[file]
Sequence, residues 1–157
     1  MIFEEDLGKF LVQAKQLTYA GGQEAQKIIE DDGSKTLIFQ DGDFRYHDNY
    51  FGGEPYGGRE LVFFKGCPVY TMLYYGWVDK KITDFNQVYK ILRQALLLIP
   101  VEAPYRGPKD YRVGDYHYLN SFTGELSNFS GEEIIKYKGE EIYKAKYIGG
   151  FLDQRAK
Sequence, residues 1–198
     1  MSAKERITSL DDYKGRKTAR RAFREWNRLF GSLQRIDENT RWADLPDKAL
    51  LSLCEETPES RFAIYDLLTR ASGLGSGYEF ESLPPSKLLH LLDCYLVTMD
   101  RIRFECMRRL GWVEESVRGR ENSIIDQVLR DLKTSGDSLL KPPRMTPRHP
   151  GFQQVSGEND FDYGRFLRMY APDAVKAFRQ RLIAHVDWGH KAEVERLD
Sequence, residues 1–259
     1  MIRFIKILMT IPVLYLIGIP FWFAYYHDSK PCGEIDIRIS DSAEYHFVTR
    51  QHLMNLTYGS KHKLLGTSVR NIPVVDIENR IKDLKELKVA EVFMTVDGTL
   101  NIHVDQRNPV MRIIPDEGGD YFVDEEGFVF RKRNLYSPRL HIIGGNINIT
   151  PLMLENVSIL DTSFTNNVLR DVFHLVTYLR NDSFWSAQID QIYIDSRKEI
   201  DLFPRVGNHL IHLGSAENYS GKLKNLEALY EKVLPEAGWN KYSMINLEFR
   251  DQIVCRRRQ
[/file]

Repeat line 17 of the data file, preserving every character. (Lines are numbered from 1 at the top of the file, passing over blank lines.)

   251  DQIVCRRRQ